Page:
In this fun and stimulating workshop, Anna Parisi managed to get us all involved by thinking about the thoughts of characters in a movie. What is Dustin Hoffman really thinking when Anne Bancroft tries to seduce him in “The Graduate”? What are Shrek’s thoughts when he sees Fiona fighting Robin Hood in the animated movie?
While watching selected movie scenes, learners think of the thoughts of the characters and can then insert these as subtitles to the movie. As Anna suggested, the timing of the subtitles may become a bit of a problem but then she gave us the solution of using scenes which have little or no dialogue, using advertisements or even music videos.
Anna moved on to show how the same activity needn’t be used solely with the use of films and technology. She demonstrated that the teacher can make use of listening texts and short stories from the coursebooks, which although may focus on particular structures and vocabulary are nonetheless quite meaningless to our students. The attendees at this workshop had fun coming up with ideas of what the speakers of a short listening text were really thinking. Anna gave us short dialogues from a coursebook, and in groups we had to think of the thoughts behind each speaker. And we didn’t just write them down but also had to act them out! While one of us was reading what the speaker was actually saying, another from the group had to say the thoughts of the speaker! The end result was quite amusing!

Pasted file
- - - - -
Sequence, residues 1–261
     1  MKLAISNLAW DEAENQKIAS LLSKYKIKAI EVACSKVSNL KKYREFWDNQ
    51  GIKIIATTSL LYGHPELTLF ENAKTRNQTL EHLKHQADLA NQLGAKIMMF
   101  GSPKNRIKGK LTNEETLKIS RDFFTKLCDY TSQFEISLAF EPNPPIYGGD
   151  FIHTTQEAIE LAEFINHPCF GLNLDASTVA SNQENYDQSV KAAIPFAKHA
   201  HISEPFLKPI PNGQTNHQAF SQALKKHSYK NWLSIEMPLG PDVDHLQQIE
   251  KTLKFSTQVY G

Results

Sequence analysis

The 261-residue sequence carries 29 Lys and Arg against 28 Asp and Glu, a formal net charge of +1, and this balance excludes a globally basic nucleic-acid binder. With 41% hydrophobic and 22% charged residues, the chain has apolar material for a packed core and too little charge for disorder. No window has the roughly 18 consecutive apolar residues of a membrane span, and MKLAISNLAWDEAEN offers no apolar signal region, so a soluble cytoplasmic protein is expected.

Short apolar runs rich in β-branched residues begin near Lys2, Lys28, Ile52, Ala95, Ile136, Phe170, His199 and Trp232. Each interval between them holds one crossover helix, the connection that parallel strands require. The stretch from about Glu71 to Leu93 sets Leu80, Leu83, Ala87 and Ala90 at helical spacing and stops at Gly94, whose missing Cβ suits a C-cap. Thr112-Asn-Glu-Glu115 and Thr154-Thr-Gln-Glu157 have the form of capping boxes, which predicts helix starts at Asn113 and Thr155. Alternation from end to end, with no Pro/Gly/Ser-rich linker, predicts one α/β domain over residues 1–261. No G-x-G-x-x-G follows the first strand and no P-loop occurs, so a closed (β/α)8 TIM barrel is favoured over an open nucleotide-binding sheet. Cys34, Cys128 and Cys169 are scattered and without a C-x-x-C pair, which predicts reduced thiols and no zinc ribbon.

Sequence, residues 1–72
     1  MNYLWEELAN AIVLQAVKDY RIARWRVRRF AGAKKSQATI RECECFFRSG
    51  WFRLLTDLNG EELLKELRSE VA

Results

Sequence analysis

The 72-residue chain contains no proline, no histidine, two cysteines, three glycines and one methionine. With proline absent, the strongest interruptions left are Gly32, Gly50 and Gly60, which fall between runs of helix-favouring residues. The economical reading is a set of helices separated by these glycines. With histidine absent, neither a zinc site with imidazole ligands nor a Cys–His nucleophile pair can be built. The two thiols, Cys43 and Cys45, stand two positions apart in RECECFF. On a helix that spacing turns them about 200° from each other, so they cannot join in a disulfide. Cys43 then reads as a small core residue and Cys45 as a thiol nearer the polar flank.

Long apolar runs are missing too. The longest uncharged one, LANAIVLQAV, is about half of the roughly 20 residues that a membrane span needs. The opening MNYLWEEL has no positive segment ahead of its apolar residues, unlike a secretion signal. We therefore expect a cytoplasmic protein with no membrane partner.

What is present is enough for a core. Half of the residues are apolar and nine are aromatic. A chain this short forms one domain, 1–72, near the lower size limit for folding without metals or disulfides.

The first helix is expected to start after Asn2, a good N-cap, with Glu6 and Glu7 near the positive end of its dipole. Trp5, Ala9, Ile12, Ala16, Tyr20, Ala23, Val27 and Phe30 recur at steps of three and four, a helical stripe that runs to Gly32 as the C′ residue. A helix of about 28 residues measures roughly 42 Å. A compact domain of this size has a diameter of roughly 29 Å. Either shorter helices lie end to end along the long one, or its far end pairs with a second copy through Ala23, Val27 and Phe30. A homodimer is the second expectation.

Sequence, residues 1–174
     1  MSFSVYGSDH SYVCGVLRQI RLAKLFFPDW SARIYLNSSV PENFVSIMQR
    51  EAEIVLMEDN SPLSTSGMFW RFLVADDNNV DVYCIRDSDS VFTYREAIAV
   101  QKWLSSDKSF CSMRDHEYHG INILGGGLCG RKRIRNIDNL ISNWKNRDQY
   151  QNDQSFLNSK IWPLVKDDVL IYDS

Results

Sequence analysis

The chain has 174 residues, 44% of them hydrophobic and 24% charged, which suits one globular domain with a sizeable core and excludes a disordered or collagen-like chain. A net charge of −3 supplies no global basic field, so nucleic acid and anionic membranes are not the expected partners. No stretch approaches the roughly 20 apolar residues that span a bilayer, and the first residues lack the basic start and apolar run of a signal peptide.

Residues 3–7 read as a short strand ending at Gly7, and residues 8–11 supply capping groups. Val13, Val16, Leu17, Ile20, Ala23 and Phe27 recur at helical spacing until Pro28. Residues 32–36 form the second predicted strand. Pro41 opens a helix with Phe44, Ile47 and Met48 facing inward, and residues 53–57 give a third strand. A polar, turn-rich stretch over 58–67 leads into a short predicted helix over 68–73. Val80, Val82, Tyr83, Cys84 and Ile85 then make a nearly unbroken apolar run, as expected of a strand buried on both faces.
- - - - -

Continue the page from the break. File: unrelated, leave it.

Activities like these, as Anna explained, are valuable in the classroom, as apart from recycling vocabulary and structures, they encourage pair/team work, they make the learner naturally think in English, and when acted out they naturally lead to learners paying attention to intonation!
And that’s a lot to be gained from a fun activity!
By Anastasia Loukeri
Interviewed by our Roving Reporter: Theodora Papapanagiotou
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